All reasonable steps

In the present case Actavis had taken the following steps in an attempt to avoid infringement:

i) It had written to more than 7,500 pharmacists informing them that the generic drug should not be prescribed for pain.

ii) It had written to every Clinical Commissioning Group in England, every Health Board in Wales and Scotland, and every Trust in Northern Ireland specifying that generic pregabalin should not be prescribed for pain.

iii) On launch it had emphasised in its promotional materials that its generic drug was not indicated for pain.

iv) It had provided its sales team with a brief to ensure that they all knew the generic drug should not be used for pain.

v) It had provided a script for its telemarketing team so they could communicate consistent information about the drug in response to customer enquiries.

vi) It had provided copies of its letters to prescribers and pharmacists, and subsequently National Health Service England guidance (to prescribe Warner-Lambert’s branded pregabalin for pain only), when contacted with queries about pregabalin.

Mr Justice Arnold in the High Court judgment of September 10, 2015 had concluded that these steps were sufficient insofar as there was held to be no infringement. However, the Court of Appeal made no reference to them and failed to complete the guidance by providing a view on whether these steps amounted to all reasonable steps.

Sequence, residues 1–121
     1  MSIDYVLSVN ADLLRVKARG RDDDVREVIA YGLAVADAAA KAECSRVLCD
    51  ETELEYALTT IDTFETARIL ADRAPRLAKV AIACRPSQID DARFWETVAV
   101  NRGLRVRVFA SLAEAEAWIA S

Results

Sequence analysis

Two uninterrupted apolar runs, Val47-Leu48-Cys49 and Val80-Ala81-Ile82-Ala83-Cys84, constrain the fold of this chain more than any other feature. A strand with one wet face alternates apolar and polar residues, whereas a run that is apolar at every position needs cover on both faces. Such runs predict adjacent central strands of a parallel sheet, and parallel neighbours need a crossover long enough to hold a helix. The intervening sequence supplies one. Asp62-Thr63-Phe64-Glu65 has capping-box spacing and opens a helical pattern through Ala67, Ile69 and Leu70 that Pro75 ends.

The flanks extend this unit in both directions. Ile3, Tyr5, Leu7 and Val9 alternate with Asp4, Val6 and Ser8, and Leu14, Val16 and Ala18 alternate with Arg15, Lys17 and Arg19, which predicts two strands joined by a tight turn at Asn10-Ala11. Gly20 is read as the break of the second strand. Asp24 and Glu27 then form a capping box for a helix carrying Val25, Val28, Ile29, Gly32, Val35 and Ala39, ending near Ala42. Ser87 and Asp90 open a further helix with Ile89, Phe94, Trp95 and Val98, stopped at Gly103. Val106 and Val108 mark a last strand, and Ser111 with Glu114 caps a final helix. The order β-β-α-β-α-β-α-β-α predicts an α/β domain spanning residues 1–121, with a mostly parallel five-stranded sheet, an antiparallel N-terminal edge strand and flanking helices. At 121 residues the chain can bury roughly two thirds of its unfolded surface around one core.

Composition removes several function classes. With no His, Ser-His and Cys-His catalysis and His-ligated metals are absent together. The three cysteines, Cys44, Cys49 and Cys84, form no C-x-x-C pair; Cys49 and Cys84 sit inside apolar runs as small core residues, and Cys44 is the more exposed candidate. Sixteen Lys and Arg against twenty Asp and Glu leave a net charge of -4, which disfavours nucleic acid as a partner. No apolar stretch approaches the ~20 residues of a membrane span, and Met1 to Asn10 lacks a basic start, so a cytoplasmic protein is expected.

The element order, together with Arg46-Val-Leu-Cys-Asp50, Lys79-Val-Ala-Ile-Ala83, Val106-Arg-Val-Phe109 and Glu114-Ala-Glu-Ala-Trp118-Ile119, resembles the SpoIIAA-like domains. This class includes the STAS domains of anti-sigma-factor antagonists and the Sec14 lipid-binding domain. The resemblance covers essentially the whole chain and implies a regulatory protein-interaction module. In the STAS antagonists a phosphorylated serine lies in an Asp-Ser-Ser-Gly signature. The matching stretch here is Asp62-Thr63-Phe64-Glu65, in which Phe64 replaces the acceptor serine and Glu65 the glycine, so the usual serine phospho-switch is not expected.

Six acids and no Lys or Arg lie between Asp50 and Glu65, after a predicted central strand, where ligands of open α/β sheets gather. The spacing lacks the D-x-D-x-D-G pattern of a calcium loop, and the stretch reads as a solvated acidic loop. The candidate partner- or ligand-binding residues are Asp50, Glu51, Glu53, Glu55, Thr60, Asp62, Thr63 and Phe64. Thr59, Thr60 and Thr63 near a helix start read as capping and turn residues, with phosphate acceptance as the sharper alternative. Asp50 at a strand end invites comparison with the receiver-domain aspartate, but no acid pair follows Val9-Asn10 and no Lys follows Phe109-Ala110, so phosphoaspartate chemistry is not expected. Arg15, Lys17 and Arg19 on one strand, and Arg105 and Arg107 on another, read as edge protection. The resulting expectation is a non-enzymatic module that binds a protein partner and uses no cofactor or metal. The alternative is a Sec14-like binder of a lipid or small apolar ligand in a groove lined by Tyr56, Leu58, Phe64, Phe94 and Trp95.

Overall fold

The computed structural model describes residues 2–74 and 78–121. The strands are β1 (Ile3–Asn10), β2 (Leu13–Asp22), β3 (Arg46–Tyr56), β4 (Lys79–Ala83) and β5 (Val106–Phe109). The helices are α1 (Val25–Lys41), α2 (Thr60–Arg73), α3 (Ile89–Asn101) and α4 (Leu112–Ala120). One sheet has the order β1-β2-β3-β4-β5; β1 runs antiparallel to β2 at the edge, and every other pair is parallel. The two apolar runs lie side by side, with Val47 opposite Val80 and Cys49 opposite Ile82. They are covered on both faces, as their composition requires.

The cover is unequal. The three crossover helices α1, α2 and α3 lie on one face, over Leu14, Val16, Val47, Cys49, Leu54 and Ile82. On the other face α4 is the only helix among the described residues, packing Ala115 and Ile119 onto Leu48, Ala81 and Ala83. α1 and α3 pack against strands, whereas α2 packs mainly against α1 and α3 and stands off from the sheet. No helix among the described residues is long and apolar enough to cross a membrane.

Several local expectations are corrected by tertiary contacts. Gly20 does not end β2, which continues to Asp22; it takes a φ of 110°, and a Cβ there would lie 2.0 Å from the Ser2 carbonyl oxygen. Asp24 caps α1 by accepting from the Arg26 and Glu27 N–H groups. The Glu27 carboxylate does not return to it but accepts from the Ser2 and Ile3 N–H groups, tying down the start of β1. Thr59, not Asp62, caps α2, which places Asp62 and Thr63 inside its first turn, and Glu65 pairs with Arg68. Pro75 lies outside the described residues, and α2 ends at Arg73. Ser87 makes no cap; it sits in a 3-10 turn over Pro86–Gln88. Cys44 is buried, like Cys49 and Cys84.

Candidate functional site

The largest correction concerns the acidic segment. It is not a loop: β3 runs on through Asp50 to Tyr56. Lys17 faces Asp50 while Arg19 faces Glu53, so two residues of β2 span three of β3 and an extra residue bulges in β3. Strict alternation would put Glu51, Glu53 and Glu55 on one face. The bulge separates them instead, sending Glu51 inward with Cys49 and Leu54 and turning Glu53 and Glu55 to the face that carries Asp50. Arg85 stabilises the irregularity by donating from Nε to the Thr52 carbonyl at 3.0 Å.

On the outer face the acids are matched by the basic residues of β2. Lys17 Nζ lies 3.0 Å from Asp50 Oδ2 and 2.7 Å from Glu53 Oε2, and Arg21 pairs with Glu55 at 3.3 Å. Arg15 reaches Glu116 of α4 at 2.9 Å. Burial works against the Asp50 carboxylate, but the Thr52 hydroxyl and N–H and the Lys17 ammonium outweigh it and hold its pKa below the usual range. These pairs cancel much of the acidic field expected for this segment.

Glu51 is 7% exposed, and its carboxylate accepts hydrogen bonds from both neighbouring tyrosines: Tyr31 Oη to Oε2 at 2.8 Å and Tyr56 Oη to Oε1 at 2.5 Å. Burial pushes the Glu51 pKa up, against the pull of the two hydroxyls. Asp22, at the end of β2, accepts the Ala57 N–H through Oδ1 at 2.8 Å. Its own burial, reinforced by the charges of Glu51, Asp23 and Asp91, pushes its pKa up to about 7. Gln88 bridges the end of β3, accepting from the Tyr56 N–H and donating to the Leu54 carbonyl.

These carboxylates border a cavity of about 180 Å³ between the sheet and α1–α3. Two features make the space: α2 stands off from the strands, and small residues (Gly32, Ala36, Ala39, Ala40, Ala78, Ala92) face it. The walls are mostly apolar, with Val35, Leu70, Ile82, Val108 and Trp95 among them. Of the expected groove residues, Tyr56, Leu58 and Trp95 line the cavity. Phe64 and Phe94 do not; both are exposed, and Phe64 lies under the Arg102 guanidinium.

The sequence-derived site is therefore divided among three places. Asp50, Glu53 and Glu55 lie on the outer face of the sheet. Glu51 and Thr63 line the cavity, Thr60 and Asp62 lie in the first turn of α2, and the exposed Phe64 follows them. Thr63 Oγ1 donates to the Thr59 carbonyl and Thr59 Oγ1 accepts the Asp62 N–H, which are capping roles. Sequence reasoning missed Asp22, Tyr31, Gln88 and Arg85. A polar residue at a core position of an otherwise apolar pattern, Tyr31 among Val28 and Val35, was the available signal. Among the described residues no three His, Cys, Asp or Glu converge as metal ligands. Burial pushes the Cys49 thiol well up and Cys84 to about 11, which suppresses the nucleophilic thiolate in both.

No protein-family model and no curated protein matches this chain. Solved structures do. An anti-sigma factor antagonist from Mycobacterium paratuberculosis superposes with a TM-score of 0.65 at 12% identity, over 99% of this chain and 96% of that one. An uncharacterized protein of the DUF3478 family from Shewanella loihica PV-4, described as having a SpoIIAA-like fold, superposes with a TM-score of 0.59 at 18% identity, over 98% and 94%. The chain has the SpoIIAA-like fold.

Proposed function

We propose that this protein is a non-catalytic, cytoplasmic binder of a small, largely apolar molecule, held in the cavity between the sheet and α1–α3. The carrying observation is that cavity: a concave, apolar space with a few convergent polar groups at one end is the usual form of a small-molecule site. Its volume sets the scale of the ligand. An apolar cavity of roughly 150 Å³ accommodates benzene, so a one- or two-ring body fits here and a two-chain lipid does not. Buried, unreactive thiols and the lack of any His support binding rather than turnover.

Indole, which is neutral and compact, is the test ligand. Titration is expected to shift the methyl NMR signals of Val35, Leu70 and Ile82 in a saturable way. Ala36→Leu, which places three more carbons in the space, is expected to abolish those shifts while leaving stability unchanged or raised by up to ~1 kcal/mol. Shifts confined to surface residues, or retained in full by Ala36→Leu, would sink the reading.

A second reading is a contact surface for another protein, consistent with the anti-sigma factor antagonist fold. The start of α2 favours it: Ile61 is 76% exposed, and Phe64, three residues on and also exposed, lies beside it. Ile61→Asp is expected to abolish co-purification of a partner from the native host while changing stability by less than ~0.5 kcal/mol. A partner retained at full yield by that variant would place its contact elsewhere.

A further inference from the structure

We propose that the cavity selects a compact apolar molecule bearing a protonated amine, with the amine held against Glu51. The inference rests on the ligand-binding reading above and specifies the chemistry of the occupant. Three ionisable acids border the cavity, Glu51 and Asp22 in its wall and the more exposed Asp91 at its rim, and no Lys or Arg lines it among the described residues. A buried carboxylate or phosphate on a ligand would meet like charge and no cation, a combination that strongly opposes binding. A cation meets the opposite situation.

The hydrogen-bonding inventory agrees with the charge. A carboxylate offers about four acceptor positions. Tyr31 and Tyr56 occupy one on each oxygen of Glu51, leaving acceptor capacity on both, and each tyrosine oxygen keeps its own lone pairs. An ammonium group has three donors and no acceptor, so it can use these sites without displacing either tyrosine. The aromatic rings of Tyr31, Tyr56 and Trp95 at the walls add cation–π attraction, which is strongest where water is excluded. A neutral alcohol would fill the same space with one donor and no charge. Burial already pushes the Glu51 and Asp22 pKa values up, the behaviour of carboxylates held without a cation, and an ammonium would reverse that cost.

Indirect infringement

A further point addressed by the Court of Appeal regarded indirect infringement of second medical use claims. Under section 60(2) of the UK Patents Act, a party infringes a patent in the UK when he or she “supplies or offers to supply … any of the means, relating to an essential element of the invention, for putting the invention into effect when s/he knows, or it is obvious to a reasonable person in the circumstances, that those means are suitable for putting, and are intended to put, the invention into effect”.

It was considered by the Court of Appeal that a pharmacist could be part of the claimed preparation process by labelling the product before it is dispensed. Therefore, it was concluded that as there could be more than one party involved in the preparation of the drug, there could be acts of indirect infringement.

It is of some assistance to generics wishing to launch a drug that is subject to a second medical use patent that the Court of Appeal has set out that they should carry out all reasonable steps within their power to prevent their generic drug being prescribed or dispensed for the patented indication. However, quite what such steps are to be regarded as reasonable in these circumstances and whether the steps carried out by Actavis were sufficient, remains unknown. Therefore, it appears necessary and perhaps inevitable that further guidance from the court will be provided on this issue in an appropriate case.

Geoff Hussey is a partner at  AA Thornton & Co. He can be contacted at:

Christopher Burnett is an associate at AA Thornton & Co. He can be contacted at: